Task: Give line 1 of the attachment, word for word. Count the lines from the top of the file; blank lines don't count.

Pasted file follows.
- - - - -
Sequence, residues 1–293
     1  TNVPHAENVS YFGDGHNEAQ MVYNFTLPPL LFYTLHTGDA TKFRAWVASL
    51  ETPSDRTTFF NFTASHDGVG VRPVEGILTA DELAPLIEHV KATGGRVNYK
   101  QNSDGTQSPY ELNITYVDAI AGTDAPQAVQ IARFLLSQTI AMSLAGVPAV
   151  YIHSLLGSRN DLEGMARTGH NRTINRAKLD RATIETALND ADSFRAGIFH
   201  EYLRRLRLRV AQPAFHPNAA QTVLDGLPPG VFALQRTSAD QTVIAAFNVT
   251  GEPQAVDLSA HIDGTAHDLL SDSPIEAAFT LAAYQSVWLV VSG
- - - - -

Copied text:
Sequence, residues 1–293